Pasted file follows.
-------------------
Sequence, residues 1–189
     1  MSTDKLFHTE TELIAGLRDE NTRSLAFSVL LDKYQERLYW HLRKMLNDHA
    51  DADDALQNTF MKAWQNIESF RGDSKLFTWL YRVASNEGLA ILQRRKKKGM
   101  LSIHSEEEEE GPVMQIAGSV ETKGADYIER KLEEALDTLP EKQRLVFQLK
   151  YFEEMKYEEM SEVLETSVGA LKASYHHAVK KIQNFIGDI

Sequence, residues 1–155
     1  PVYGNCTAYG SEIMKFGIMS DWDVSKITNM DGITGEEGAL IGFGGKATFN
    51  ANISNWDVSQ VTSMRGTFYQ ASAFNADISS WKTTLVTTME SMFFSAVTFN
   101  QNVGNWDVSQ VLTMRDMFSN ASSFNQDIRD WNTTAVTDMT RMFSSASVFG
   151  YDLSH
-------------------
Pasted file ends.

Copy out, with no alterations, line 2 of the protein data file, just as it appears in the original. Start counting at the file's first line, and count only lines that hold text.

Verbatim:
     1  MSTDKLFHTE TELIAGLRDE NTRSLAFSVL LDKYQERLYW HLRKMLNDHA